Defensively, DeWayne Walker went after Locker aggressively, and though the Bruins got only 2 sacks, they kept him from feeling comfortable, early, and did force some hurried pass attempts. Right around a 50% passer, Locker isn't the finished article yet; he's obviously less dangerous throwing than running. Dennis Keyes came up with that huge pick for a score on a badly thrown ball from Locker. But I don't look forward to seeing him next year in Seattle with a year's experience behind him.

The Huskies never came close to seriously mounting a rushing attack. Locker handed off only 17 times in the entire game. The Bruins offensive line and defensive front simply won the line of scrimmage all evening.   

It was certainly gratifying to see Markey finally have a good game. Yeah, he got caught from behind again on a long run but, just as with Tyler Ebell, it seems a little ungrateful to bitch about someone breaking a 50- or 60-yard run. Seems to me we should be focusing more on the redzone offense that can't finish the job properly. Still it's good to know Kahlil Bell finally starting, got the bulk of the carries and ran well once again. But credit Markey for responding to the challenge.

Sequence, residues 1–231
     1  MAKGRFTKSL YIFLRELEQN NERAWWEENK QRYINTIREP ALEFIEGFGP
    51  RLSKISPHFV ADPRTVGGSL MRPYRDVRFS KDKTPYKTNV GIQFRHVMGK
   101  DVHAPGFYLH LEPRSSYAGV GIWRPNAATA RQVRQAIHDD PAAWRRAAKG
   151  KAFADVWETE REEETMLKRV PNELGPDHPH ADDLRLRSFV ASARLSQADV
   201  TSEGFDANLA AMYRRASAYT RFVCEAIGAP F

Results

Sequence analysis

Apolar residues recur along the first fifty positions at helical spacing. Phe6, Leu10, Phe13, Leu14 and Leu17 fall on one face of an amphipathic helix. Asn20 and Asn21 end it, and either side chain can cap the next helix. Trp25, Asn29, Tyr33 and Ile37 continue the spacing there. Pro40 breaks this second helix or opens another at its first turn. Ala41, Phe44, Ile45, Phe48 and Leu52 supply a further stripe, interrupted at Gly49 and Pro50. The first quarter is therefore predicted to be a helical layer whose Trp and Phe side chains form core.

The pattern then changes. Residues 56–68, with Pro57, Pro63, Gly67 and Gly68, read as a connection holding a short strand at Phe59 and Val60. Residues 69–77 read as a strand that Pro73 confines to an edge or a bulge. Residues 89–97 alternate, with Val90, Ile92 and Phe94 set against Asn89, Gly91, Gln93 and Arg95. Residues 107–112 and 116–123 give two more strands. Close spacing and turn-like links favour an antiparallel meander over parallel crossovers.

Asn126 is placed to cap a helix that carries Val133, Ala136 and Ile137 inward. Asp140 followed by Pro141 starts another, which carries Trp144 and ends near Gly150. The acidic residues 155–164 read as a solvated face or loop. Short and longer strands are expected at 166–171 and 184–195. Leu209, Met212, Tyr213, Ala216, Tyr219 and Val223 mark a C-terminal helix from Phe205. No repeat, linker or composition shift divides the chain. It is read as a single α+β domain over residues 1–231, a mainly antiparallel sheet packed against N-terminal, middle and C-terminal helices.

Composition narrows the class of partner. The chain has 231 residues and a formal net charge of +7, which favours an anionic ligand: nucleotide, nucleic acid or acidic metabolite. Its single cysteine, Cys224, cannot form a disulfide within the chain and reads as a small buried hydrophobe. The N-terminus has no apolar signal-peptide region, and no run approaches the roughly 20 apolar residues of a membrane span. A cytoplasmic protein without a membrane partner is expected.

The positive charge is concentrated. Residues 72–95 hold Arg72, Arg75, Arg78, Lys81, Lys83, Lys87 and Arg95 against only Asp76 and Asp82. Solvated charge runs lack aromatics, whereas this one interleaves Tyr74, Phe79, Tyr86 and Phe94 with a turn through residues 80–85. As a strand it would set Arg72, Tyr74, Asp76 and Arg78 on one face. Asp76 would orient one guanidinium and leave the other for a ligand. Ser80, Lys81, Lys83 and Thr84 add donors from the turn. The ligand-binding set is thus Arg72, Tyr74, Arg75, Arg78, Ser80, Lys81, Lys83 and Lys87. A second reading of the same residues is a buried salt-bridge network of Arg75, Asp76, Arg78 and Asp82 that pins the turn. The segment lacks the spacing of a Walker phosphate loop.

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The schedule continues to work in the Bruins' favor. If they must go on the road, better to Corvallis than Eugene, especially just now with the Bruins operating on such thin ice at the quarterback position. You have the feeling that Bethel-Thompson might be seeing the field again for important minutes, and it might be a good idea to get him ready to actually throw a pass.